From Endurance to Dressage
The Lameness Checks Begin
Last Monday, we made the trip to Alamo Pintado, and since that day, Speedy's done nothing but walk around and eat. Speedy lives in a large sandy paddock, which both the vet at Alamo Pintado and my own vet think is the best possible situation for him. The more he can move around, the better. Standing in a stall or small paddock would make arthritis much harder to deal with.
Since he lives turned out all day long, I left him alone all week letting him wander and move as he saw fit. He got his daily cookies and a bucket of goodies for lunch, but that was it. On Saturday, I decided Speedy was ready for a lameness check. I walked him up to the round pen just to see if anything had changed, not that I thought it would have, but I wanted to check. I shot a short video, but it's not very good. It's hard to keep the camera steady while clucking and tapping the whip.
If you're looking for the lameness, watch his left (inside hind leg). That toe wants to drag a bit. If you listen closely, you can even hear the uneven footfalls. And before you panic, he's not sweaty. The "wet" spots are just left over from the dust control sprinkler from the day before. He likes to stand out in the mist, and then later, as he walks around, the dust sticks to his wet coat and dries.
One of the privileges that Speedy has earned over the past year or so is the luxury of being let loose on the ranch with just a halter. After his two minutes in the round pen, I let him loose to roam the yard as I groomed and later rode Izzy. This "turnout" is one of the best things for him as he loves to poke around the ranch visiting the other horses and grazing on the lawn. He walked around for nearly two hours. That kind of movement is great for keeping an arthritic hock from stiffening up.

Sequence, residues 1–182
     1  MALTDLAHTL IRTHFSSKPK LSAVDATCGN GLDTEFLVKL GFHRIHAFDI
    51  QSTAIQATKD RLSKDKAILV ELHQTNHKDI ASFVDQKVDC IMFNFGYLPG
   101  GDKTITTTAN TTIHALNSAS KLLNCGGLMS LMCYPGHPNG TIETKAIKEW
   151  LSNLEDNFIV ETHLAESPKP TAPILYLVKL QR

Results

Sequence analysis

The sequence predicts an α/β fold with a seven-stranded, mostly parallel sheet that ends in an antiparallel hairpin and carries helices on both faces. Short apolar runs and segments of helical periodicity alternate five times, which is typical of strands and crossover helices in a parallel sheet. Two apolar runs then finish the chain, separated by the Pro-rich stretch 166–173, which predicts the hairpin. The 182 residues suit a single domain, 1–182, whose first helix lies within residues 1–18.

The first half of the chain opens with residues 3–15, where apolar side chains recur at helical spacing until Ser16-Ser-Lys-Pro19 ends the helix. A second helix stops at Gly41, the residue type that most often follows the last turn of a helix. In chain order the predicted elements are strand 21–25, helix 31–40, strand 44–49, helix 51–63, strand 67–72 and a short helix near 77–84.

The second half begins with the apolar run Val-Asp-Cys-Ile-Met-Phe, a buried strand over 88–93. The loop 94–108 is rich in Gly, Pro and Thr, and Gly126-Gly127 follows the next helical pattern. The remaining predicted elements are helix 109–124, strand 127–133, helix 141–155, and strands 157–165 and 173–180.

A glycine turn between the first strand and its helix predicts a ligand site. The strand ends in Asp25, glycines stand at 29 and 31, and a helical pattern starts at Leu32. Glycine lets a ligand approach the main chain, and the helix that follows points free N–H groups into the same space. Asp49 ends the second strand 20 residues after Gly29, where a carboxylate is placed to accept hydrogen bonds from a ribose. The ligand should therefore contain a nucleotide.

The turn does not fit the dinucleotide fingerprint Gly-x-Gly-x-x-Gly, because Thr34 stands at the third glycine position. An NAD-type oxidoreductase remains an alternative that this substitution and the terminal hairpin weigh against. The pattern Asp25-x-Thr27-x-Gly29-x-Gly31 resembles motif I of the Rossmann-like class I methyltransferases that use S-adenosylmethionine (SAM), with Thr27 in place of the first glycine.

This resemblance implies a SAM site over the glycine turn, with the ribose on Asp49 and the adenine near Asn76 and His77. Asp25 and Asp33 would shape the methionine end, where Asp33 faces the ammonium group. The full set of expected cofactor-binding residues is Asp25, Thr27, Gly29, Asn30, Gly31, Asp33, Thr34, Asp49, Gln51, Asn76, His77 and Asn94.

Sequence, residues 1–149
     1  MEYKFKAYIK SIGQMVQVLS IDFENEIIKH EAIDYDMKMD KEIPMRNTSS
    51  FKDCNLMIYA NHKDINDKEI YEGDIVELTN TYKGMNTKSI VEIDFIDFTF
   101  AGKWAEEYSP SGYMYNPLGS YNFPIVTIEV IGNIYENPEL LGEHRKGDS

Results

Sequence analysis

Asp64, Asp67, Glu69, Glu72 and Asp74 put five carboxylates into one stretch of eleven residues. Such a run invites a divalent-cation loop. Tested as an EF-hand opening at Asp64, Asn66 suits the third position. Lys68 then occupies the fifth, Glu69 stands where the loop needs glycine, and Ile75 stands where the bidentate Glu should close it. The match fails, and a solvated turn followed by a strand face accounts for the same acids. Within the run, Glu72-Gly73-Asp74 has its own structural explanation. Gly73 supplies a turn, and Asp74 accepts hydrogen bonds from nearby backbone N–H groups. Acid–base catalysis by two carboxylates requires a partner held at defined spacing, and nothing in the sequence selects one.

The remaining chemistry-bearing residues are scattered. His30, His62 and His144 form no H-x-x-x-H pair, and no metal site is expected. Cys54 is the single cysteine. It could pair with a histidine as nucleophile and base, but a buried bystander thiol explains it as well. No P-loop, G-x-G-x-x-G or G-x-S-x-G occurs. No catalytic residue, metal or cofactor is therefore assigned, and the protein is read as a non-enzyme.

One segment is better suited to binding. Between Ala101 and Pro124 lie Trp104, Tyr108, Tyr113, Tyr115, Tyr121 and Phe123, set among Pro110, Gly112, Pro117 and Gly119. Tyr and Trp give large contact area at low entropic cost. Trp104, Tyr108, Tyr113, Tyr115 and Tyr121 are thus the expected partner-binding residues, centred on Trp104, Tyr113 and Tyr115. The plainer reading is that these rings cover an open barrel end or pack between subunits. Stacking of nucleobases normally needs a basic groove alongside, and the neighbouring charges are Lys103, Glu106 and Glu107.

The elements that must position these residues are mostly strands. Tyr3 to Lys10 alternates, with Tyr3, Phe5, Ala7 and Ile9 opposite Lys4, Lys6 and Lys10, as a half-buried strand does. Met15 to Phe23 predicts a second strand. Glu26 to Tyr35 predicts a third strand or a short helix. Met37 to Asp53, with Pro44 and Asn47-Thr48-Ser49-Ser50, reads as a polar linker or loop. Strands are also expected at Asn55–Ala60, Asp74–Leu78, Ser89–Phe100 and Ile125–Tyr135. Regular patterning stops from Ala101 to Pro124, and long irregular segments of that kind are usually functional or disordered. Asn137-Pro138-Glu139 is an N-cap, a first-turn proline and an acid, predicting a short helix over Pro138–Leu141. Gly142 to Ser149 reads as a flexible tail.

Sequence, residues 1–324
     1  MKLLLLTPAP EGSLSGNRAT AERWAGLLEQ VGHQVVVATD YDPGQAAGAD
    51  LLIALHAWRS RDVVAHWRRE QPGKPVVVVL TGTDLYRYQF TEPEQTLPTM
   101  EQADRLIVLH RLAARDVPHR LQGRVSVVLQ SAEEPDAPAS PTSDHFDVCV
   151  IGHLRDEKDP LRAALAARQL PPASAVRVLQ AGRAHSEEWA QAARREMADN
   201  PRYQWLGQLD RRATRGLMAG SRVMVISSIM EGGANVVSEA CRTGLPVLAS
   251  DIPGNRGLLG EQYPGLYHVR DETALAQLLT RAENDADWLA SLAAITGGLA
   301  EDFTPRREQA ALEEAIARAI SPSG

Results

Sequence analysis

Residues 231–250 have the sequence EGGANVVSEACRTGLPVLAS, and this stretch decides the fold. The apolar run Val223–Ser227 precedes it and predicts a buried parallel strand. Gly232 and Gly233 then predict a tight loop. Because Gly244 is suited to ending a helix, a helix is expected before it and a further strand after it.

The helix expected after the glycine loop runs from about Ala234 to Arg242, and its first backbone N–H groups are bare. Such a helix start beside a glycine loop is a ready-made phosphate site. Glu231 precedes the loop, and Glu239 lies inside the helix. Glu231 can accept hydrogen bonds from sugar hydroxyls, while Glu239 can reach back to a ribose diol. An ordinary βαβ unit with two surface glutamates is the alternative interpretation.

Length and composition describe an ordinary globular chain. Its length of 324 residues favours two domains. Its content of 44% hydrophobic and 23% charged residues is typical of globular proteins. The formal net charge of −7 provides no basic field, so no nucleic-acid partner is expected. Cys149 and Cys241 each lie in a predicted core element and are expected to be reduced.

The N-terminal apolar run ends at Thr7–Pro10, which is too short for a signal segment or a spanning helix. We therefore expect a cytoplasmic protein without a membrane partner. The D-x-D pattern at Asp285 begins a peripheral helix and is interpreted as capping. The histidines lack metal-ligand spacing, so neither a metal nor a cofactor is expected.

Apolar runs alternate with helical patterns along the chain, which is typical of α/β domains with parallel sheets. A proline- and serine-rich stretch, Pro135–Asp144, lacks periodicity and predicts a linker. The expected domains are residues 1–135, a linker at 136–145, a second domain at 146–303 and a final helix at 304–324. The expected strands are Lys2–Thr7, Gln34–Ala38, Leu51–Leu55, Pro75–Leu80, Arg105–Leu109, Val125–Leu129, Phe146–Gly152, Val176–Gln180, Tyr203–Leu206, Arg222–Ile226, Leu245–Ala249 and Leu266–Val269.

For now, a weekly lameness check will be the extent of his workload. When and if he trots off sound, I'll think about riding him, if he's less lame by the end of September, Dr. Tolley and I will discuss using Equioxx to see if that will keep him sound enough for actual work. Until then, he'll get lots of turnout in the yard, cookies, and some grooming.
As long as he's happy, I'm happy.
About the Writer and Rider
I am a lifelong rider.
I began endurance riding in 1996 where I ultimately completed five, one-day 100 mile races, the 200-mile Death Valley Encounter, and numerous other 50, 65, and 75 mile races. I began showing dressage in 2010.
Welcome to my dressage journey.
About Speedy G
Speedy went from endurance horse to dressage horse. After helping me earn a USDF Bronze medal in the summer of 2020, he is now semi-retired. Speedy is a 2004, 15'1 hand, purebred Arabian gelding. His Arabian Horse Registry name is G Ima Starr FA.
Izzy was started as a four-year old and then spent the next 18 months in pasture growing up. I bought him as a six-year old, and together, we are showing at the lower levels. He is a 2008, 16'3 hand warmblood gelding. His Rheinland Pfalz-saar International (RPSI) name is Imperioso.
National Rider Awards
State Rider Awards
State Horse Awards
CDS Sapphire Rider Award
Third Level: 63.514%
Third Level: 62.105%
2023 Show Season
(r) Ride-a-Test Clinic
2023 Show Schedule
2023 Completed …
2023 Qualifying Scores
Regional Adult Amateur Competition (RAAC)
Qualifying Training Level
3 Scores/2 Judges/60%: